The BBC’s Mark Lowen, at the scene, said Turkish forces were trying to stop Kurdish fighters from entering Syria to take part in the defence of Kobane.
By Monday only two out of nine border posts in the area remained open, the UNHCR said.
Turkish forces have used water cannon and tear gas against pro-Kurdish protesters near the border
Our correspondent says the Syrian conflict has reawakened old hostilities and shaken a fragile peace between Kurds and Turkish authorities.
The PKK, a banned militant group that fought a civil war for autonomy within Turkey for decades, has called on Kurds to join the fight against IS.
PKK-affiliated forces have been battling IS in northern Iraq for months.
In other developments:
- The White House said it had rejected an Iranian proposal to support the US-led fight against IS in return for flexibility on its controversial uranium enrichment programme
- At least 40 Iraqi soldiers were killed and 68 captured in an attack on the town of Sijir, near Falluja, on Sunday, a senior Iraqi commander said
- A Syrian government air strike killed at least 42 civilians in rebel-held territory in the north-western province of Idlib on Sunday, activists said
- IS issued a statement urging its supporters to kill “disbelievers” from the countries that have joined a international coalition against the group
The US has said it will attack the group in Syria, though so far it has carried out air strikes against IS only in Iraq.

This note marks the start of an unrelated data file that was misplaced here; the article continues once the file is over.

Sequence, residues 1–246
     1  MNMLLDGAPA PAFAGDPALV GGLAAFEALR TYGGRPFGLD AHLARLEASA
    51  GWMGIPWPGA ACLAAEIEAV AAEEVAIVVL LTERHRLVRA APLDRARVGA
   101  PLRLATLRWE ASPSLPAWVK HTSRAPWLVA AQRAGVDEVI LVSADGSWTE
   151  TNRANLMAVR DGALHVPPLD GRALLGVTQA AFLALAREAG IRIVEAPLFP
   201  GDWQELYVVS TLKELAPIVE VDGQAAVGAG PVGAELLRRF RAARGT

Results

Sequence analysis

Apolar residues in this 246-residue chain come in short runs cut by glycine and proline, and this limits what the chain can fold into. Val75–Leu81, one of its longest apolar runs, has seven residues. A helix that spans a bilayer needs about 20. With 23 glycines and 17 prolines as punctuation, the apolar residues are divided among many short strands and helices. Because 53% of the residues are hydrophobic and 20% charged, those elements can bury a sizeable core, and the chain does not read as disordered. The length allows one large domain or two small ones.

On Monday, French Foreign Minister Laurent Fabius said France would not launch air strikes against IS in Syria despite having attacked the group in northern Iraq last week.
Tony Blair: ” Isis… kill without mercy and they’re prepared to die without regret”
Former UK Prime Minister Tony Blair told the BBC on Sunday that air strikes alone might not be enough to contain the group.
“If necessary, we shouldn’t rule out the use of, particularly, special force capabilities,” he said.
US President Barack Obama previously ruled out the involvement of US ground troops, and has instead promised to provide arms and training to local forces fighting against IS.
Mangalyaan will send colour images of Mars from Wednesday
BANGALORE: Following the successful re-firing of the main liquid engine of the Mars Orbiter Mission (MOM) spacecraft for a minor trajectory change on Monday, Isro is planning to activate the colour camera payload and get the first images of the red planet by Wednesday afternoon.
With Monday’s success, the possibility of MOM acquiring the desired orbit around Mars on Wednesday has reached near 100 per cent. With respect to this, scientific secretary V Koteswara Rao told TOI: “Soon after the Mars orbit insertion operations on Wednesday is complete and things settle down, we will have the images transmitted back to earth. We are looking at afternoon.”
The images, once transmitted will be received by Isro’s Indian Deep Space Network (IDSN) in Byalalu, Karnataka.
Explaining Monday’s operations, he said: “The whole thing happened on the dot. There was not even a minor deviation from our plan. The spacecraft, and the engine are in great health, giving us a lot of confidence for Wednesday.”